Expert: Billions in Chicago Bonds Pay for Literally Nothing

John Ransom
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Posted: Mar 30, 2015 7:28 PM
Expert: Billions in Chicago Bonds Pay for Literally Nothing

In masterful article by Kristi Culpepper, a muni-bond expert who works for the state of Kentucky, Chicago’s bond financing scheme is exposed as a house of cards that postpone debt payments in return for higher interest payments over time.

Amongst the questionable strategies exposed by Culpepper include using long-term financing to cover day-to-day expenses, using bonds to pay pension obligations and misappropriating returns from the interest rate swap portfolio as an “ATM” for the city.

And the winners are: Chicago city employees—union employees, for whose paychecks and benefit the scheme of providing short term-cash in return for high interest payments is run.

“So, Chicago’s structural budget gap is a political,” says Culpepper, “not economic, creature. Rather than cut expenditures to a level that could be supported by recurring revenues, the city mostly used non-recurring resources to fill the gap from one fiscal year to the next. This is not surprising. Most of Chicago’s Corporate Fund budget goes to salaries and benefits for its employees, and 90% of the city’s employees belong to around 40 different unions. Attempts to adjust expenditures tend to have well organized opposition.”


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In addition, Culpepper says that some general obligation bond proceeds have been used to provide “discretionary” expense for Chicago aldermen.

While cities generally use general obligation (GO) bonds to finance asset purchases Culpepper observes, Chicago uses it to cover shortfalls in cash flow.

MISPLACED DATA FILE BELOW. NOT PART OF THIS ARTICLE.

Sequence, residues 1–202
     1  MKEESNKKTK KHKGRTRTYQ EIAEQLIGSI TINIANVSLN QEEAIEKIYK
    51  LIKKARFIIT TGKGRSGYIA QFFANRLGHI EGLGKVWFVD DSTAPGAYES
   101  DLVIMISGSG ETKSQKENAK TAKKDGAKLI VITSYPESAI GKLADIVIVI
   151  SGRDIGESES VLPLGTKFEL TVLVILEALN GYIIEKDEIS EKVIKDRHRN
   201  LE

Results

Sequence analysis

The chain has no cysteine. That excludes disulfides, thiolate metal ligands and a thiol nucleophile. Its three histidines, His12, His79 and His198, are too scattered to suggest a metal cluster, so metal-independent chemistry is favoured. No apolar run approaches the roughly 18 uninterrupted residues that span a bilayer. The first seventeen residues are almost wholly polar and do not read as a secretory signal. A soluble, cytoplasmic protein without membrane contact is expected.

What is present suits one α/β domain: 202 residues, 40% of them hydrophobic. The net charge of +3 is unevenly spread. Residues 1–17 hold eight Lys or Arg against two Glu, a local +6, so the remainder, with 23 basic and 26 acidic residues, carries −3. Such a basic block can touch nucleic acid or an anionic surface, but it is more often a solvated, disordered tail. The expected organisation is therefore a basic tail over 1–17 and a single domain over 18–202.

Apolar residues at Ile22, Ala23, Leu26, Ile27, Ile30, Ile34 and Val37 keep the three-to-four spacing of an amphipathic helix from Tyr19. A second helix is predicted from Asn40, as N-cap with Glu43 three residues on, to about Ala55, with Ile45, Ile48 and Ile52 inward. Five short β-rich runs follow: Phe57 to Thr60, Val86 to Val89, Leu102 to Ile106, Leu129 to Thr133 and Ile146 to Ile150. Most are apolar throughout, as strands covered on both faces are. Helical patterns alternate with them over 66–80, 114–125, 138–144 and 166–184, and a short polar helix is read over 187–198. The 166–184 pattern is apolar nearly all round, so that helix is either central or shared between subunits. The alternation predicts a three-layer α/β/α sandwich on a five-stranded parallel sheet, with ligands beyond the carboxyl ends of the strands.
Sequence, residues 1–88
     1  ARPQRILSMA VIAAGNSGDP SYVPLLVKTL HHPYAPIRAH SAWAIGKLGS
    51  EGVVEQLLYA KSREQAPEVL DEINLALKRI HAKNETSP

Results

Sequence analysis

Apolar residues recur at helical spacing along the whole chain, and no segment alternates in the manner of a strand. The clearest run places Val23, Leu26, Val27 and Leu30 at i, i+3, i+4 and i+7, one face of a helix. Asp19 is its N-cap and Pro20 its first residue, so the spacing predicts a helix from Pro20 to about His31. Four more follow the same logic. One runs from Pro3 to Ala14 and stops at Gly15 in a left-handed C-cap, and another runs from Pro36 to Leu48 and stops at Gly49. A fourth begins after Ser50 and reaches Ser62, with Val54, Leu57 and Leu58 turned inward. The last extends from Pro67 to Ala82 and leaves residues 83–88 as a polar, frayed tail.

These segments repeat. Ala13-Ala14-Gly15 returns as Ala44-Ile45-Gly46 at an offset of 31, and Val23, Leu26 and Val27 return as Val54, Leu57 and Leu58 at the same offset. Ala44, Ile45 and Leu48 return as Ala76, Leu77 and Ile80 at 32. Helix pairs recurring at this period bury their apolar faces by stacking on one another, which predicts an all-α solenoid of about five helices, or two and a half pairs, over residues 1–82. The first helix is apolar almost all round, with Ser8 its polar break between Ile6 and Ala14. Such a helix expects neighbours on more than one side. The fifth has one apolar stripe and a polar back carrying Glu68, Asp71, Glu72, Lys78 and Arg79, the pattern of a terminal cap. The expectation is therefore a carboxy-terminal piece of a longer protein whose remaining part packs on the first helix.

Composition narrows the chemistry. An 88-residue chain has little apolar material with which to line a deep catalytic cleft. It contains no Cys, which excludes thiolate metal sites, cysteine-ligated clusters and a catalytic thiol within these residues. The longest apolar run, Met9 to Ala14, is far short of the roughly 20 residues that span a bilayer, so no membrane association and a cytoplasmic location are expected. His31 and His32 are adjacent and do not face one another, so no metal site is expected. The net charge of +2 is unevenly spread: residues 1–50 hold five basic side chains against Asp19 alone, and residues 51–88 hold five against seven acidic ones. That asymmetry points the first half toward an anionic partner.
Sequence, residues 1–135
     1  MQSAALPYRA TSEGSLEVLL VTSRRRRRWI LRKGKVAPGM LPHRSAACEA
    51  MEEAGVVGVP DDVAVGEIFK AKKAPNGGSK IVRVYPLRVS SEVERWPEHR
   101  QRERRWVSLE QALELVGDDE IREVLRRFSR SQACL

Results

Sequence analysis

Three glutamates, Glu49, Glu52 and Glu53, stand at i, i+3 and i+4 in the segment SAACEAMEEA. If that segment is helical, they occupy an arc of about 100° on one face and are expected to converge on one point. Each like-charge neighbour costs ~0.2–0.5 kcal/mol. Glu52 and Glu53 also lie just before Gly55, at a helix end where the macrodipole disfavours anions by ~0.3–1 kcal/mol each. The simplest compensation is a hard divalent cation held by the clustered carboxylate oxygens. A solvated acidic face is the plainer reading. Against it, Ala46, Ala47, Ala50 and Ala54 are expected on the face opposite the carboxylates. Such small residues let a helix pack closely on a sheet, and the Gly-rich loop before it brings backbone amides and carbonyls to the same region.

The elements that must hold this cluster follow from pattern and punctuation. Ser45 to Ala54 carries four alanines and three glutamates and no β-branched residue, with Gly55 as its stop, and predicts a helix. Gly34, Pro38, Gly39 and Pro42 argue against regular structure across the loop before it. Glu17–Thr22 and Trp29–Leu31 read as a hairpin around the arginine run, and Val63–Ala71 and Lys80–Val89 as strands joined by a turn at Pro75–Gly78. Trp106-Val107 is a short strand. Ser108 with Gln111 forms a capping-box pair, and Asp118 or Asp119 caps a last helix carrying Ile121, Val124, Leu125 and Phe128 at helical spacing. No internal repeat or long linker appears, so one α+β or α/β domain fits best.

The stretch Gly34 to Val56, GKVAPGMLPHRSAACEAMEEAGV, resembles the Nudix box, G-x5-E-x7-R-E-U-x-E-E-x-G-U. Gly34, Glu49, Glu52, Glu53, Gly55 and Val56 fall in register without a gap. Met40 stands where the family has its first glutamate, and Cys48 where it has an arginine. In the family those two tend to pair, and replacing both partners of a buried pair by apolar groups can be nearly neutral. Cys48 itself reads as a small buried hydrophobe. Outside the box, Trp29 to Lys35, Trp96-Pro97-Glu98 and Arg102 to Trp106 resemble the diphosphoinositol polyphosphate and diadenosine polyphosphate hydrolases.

In 2013, she points out, a Chicago Tribune analysis showed that $400 million in GO proceeds went to settlements and judgments, alone.

“In bond documents,” Culpepper gives as an example, “city officials deemed the back pay the city owed [police] an extraordinary expense and paid $164 million of it with tax-exempt bonds. The city ultimately will need to pay bondholders $280 million to cover the loan.”

And that the alderman go along with the scheme says the Culpepper piece, “probably has something to do with the ‘Aldermen’s Menu,’ which allows the aldermen to use a portion of the proceeds from the city’s general obligation bond issues to pay for whatever they want for their district.

The author pegs that not unsubstantial expense at $54.2 million to $102 million from 2003 to 2012.

And while Chicago-- and likely, Illinois-- taxpayers, in the best case scenario, will be forced to pay billions of dollars for things “that have little of tangible value,” the worst case scenario is that some combination of investors in the approximately $7.2 billion of outstanding GOs will get screwed in various ways:

First, if you hold the tax-exempt portion of these deals and the Internal Revenue Service ever gets around to scrutinizing them, your bonds probably won’t be tax exempt for long. Many of these uses of bond proceeds are not eligible for tax-exempt financing under the federal tax code. These bonds have received extraordinarily aggressive tax opinions?—?including, incidentally, from the same law firm that drafted Illinois’s swap legislation, which I will get to momentarily.

Second, Chicago taxpayers are on the hook for billions of dollars of long-term debt and have little of tangible value to show for it. There is a good chance that residents do not understand the nature of their government’s borrowing activities, since these were complex offerings. (Well, unless they read what I have written here…) As debt service payments increasingly compete with other political priorities for funding, this revelation might eventually erode the city’s willingness to pay.

Remember, a whole gaggle of Chicago types moved into DC with Obama. And while US Treasuries are less complicated than muni-bonds, the stench from the Chicago sleaze will come through… you know, one day, when the media wants to actually inform us what really happened under Obama as they now seem to do with former Mayor Daley and current Mayor Rahm Emanuel, Obama's former White House chief of staff. 

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